Today I am going to be explicit when I teach about labels when reading nonfiction. I had trouble reading nonfiction as a child, and you can read about how I feel about this change in the Common Core Standards in my reflection in this section.
In this lesson, standard RI1.5 is addressed because I am teaching students how to use the text feature of labels. This is one of the simplest types of text features, and so, to amp up the rigor, I wanted to move beyond asking students to read a grade level appropriate nonfiction text that contained labels and then have them answer some simple comprehension questions. I wanted to go deeper with this lesson and ask students to apply their understanding. I wanted students to practice close reading by slowing down and gleaning the important information from the text in order to label different parts of an animal themselves. Reading and writing are intimately related, so, with today's lesson, not only are my students practicing close reading and improving their comprehension, but they are also learning an important writing skill of labeling a graphic feature that will prepare them for our nonfiction elephant writing unit.
Today you will need either the Smartboard Nonfiction Text Features.notebook or Activboard Nonfiction Text Features.flipchart lesson titled "Nonfiction Text Features." You will also need a nonfiction text to read to your students that contains the text feature of labels. Finally, you will need to download and copy enough of the student texts. These are called Animal Labels Animal Labels.pdf. There are four different stories for the student work. I have differentiated the stories based on student reading ability. You will want to make enough copies to fit the reading level of each of your students. This is how I copied the stories for my students:
I brought my students to the carpet and said, "Today we are going to learn about an important text feature called labels. When we read nonfiction, the author will label a picture or photo so the reader knows what that is a picture of and/or can see the different parts of the object. This helps the reader to understand both the picture and the text better. I am going to read a nonfiction book now and we are going to talk about the labels in this book." I began reading the book "National Geographic Readers: Frogs" by Elizabeth Carney.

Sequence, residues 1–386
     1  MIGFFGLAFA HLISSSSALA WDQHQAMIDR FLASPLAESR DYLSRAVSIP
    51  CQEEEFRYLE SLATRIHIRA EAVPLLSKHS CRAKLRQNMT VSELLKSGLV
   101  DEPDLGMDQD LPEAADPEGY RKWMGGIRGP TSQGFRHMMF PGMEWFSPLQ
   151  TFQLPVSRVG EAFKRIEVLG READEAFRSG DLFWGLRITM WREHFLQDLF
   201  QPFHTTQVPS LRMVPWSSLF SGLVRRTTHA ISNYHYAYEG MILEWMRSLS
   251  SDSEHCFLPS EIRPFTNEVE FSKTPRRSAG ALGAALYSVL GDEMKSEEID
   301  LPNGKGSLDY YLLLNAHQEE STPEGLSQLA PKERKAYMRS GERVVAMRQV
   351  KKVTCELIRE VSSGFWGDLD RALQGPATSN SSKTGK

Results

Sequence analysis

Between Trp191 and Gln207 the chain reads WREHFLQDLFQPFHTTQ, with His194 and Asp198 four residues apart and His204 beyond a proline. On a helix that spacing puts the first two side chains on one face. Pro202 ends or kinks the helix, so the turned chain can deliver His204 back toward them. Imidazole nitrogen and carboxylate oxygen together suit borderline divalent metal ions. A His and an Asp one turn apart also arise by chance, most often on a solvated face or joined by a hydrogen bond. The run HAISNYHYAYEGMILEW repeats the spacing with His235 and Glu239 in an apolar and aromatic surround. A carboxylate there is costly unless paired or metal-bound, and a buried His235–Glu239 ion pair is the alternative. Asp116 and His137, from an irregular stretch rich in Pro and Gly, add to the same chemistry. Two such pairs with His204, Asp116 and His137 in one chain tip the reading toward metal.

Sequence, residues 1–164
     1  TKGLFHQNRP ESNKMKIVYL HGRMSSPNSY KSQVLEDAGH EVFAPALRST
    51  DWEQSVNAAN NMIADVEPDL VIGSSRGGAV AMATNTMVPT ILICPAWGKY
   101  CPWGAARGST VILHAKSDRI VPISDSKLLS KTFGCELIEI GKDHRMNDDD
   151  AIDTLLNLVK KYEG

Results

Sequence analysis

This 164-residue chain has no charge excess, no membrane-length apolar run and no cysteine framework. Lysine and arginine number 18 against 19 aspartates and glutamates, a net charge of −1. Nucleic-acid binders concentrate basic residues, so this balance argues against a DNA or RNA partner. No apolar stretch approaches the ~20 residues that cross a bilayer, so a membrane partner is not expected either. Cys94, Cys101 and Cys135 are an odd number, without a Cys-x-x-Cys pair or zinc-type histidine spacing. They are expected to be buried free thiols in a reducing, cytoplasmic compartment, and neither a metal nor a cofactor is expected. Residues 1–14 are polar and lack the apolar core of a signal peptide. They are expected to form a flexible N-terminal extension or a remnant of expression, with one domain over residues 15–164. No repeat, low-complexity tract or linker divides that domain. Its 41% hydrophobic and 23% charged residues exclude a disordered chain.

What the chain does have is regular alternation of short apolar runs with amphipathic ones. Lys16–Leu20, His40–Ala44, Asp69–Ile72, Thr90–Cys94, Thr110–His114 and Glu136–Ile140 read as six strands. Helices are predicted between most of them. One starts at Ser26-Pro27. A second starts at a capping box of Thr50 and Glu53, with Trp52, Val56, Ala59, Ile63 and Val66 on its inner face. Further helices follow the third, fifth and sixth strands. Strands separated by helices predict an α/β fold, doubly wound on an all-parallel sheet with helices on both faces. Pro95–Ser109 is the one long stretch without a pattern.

As I was reading, I would stop and ask questions where the students would have to look at the labels in order to answer the question. At one point in the text the author compares frogs and toads. Each picture is labeled. I would ask questions such as, "How are a frog's and toad's skin different? What does a toad's skin have that a frog's skin doesn't? Why do a frog's and toad's skin feel different?" The book was very engaging and my students were eager to answer my questions.
We went through the label activities on the Smartboard. When I created the lesson I took pictures of nonfiction books from my classroom. Not only did we simply label parts of different animals, but we also looked at how authors showed the size of an animal against a ruler, and how wide a wingspan is by labeling the length. We had a wide variety of activities in this guided practice lesson, and I know my students saw many examples within this lesson.
I told my students that they were going to get some practice labeling a picture. I said, "Each reading group is going to get a different story to read. You are going to take the picture and text back to your seat. You will read the text straight through once. On your second reading you will take your highlighter and highlight the details that will help you to label your picture. Last you will take those details and use them to label your picture. Does everyone understand what to do?"
Since I know that my lowest group really struggles with independent work, I brought them back to my reading table and we read the story together three times. This helped to boost their confidence with the task at hand. Since they knew the story pretty well by the time I sent them back to their seats to start highlighting details and doing their labels, they weren't so lost.
After I read the story with my lowest group I circulated around the room just watching what my students were doing. I am really trying to change my role this year and be more of a facilitator than the "expert" with all the answers. When I see my students doing something incorrectly instead of saying, "You're wrong here....", I try to steer them back on track with the use of questions. I do this when they are doing something right, and when they are doing something wrong. They should be able to explain their thinking in both scenarios. In both cases, they have to think about what they're doing and what I'm asking them as they're performing the task.
You can see how my students did with this task by looking at the video Learning How to Label Pictures.mp4 here. It may give you an idea of what this task might look like in your classroom.
As usual, I like my closures to be short and sweet. I wanted to assess what my students took away from the lesson. I have a wonderful teacher aide that works in our teacher work room. She made me a simple poster that looked like a Facebook wall. I gave each student a post it note. I said, "We are going to post on our class Facebook wall. On your "post" tell everyone on the wall what was the most important thing you learned because of this lesson." I gave everyone a few minutes to write what they took away from the lesson and they posted it on the wall. This was their exit ticket out the door. I left it up so students could read what was on the wall over the next few days.